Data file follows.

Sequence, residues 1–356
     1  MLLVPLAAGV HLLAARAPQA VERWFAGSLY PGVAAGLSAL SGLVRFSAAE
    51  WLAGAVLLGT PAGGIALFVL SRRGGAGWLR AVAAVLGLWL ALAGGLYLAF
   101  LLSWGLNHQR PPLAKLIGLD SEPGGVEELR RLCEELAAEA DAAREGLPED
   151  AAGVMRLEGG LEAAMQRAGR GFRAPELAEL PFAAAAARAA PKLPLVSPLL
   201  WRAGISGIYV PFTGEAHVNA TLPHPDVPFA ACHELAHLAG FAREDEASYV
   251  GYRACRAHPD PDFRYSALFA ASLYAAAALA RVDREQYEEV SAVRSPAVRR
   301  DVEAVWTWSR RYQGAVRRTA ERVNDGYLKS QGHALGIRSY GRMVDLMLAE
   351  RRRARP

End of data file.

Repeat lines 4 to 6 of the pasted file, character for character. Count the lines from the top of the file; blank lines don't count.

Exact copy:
   101  LLSWGLNHQR PPLAKLIGLD SEPGGVEELR RLCEELAAEA DAAREGLPED
   151  AAGVMRLEGG LEAAMQRAGR GFRAPELAEL PFAAAAARAA PKLPLVSPLL
   201  WRAGISGIYV PFTGEAHVNA TLPHPDVPFA ACHELAHLAG FAREDEASYV